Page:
The Baltimore Ravens franchise has been blessed with impeccable leadership since their founding. The incomparable Ozzie Newsome has a long history of signing veterans and drafting rookies who elevate the play of their teammates. The team lost some of their most vocal leaders following their 2012 championship, but the tradition of strong leadership still permeates the organization.
Head coach John Harbaugh is the unquestioned commander of the Ravens. Throughout his nine seasons in Baltimore, he has proven to be one of the best motivators in the NFL. His fierce work ethic and competitive personality have been fully embraced by the team.
By virtue of his position and the commitments made to him by the Ravens, franchise quarterback Joe Flacco is one of the team’s leading players. He does not show much emotion on the field, but leads through example as a nine year veteran and Super Bowl MVP who holds himself accountable. Stalwart offensive guard Marshal Yanda may be the toughest player in the entire league. They will be joined by Dennis Pitta, Mike Wallace and Danny Woodhead to provide veteran presence on offense.
Terrell Suggs is the longest tenured Ravens player and sets the tone on the practice field. Brandon Williams anchors the defensive line, while consummate captain Eric Weddle provides communication in the secondary. Inside linebacker C.J. Mosley may be Baltimore’s best overall player and has relayed the play calls on defense for the last two seasons.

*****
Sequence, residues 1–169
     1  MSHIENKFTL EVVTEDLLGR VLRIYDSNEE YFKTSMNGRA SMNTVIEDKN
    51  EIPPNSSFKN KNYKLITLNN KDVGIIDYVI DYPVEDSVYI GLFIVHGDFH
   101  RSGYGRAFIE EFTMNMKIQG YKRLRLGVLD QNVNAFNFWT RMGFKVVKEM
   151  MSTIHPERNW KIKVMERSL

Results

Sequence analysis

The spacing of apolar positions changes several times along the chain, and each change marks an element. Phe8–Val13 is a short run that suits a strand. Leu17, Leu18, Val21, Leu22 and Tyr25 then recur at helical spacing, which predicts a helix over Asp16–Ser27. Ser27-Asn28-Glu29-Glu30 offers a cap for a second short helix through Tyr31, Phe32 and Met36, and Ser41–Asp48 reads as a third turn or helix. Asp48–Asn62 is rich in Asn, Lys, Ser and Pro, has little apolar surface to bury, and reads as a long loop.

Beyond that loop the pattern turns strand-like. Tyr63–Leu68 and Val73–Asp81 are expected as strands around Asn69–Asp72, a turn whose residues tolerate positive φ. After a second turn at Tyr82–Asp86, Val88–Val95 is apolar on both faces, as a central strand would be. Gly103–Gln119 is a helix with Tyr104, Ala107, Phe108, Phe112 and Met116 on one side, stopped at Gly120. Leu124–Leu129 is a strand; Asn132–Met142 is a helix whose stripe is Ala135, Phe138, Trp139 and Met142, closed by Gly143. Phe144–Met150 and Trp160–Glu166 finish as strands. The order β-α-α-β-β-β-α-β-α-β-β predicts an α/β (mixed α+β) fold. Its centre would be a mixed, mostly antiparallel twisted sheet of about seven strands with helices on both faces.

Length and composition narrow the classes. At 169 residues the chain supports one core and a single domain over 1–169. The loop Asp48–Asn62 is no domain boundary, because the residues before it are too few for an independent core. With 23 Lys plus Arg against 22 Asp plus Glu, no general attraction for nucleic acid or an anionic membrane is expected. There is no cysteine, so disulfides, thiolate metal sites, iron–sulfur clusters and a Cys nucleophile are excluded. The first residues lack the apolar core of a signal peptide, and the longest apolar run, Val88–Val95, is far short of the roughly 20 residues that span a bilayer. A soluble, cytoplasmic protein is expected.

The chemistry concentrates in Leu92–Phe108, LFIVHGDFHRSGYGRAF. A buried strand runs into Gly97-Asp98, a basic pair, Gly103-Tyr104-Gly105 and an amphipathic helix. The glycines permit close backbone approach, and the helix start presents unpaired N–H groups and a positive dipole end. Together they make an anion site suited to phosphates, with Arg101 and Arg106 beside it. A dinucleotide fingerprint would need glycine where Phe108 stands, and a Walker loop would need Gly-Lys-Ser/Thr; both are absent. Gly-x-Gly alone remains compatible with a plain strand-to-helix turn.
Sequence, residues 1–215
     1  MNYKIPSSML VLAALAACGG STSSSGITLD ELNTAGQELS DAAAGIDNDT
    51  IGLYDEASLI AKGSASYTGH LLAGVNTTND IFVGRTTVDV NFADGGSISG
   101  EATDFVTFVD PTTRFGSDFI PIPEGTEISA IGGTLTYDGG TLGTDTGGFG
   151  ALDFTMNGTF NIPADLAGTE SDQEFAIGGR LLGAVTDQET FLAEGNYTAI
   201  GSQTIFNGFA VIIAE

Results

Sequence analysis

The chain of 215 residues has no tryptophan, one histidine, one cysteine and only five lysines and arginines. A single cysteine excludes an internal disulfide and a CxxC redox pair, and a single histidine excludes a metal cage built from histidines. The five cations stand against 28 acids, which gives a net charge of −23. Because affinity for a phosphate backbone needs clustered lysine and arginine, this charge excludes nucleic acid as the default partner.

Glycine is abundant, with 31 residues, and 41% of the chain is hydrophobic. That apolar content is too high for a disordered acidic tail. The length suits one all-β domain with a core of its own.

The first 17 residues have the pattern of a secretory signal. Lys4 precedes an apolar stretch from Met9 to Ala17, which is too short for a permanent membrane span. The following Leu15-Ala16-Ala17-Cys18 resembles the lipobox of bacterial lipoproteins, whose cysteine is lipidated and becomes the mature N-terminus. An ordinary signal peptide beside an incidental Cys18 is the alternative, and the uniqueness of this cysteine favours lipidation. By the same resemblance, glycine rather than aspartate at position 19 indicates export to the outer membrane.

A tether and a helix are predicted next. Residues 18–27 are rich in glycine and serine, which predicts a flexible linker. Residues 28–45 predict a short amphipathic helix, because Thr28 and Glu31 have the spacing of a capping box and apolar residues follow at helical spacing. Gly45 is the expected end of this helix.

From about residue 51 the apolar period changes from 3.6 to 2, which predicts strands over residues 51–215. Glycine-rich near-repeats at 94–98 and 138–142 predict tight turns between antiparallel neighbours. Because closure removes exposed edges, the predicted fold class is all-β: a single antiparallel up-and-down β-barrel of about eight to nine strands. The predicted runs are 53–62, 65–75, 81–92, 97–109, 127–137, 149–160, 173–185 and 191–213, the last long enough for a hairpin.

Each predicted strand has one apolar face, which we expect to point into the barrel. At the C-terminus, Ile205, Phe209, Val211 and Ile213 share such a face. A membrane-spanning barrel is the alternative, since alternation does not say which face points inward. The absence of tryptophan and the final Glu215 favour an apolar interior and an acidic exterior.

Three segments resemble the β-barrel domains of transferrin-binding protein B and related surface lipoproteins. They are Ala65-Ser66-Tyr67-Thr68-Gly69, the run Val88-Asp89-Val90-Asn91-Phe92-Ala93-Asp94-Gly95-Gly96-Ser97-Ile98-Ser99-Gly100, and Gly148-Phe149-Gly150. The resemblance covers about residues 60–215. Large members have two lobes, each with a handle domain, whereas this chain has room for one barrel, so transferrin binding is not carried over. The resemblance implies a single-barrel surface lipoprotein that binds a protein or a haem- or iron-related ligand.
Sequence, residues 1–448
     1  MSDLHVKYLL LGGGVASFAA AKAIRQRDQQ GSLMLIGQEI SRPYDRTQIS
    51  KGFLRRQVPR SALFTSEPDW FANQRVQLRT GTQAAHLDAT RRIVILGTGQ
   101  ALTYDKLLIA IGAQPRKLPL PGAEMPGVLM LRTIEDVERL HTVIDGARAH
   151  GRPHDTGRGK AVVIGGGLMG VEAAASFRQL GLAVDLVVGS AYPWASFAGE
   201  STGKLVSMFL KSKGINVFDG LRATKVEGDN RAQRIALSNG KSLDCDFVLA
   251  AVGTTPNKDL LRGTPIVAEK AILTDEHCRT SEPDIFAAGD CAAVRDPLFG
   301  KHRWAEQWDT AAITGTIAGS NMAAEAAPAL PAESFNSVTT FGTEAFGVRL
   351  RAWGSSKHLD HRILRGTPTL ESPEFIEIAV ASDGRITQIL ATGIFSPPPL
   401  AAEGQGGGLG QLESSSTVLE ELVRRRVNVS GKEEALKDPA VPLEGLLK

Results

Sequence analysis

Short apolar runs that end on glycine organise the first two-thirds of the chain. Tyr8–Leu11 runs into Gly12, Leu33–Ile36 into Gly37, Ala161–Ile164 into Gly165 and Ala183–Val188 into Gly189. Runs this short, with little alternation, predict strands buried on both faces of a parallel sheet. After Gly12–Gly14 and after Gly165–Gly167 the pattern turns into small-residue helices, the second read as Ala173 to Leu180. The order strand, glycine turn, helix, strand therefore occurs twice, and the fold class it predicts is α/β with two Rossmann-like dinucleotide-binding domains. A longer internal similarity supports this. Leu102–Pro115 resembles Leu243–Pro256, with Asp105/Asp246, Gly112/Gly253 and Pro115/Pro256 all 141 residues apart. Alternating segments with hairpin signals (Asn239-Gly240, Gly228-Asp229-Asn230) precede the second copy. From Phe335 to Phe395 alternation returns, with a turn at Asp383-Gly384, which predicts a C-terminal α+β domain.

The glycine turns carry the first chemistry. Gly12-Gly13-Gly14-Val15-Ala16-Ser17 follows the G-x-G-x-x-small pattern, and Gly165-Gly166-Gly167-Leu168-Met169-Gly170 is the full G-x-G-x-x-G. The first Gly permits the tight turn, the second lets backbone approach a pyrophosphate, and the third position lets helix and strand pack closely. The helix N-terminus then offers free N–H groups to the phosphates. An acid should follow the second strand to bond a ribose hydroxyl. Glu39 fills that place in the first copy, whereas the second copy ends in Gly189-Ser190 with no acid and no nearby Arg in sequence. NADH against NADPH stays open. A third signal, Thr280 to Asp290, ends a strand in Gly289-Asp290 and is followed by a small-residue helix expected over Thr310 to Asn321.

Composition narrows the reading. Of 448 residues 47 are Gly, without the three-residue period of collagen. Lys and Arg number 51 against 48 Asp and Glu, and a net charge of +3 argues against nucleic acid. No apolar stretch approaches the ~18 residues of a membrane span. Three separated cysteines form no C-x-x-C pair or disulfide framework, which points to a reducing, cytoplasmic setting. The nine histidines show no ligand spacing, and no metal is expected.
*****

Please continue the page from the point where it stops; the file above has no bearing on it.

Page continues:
Even Jimmy Smith has shown a fiery demeanor at times and the recently re-signed Lardarius Webb is a role model off the field . New additions Tony Jefferson and Brandon Carr both possess the characteristics the Ravens desire from their veteran acquisitions. Baltimore’s special teams units are also manned by high character veterans.
The majority of the Ravens coaching positions are staffed by men with long NFL resumes. And several consecutive years of tweaking the draft formula to support ‘red star’ prospects has produced a roster that is stacked with hard working, professional young players.
This confidence in the Ravens current leadership should not be construed to mean the team ought to now pivot towards strictly boom-or-bust players in the upcoming draft. The point is that the Ravens already have the foundation in place to mentor immature players who offer tantalizing potential along with risky attributes.
The first commandment of drafting is to never reach for a good player when a great player is available. With this in mind, the Ravens would be wise to stack their draft board accordingly by emphasizing the game day ability of each prospect. After all, the value of leadership is diminished without followers.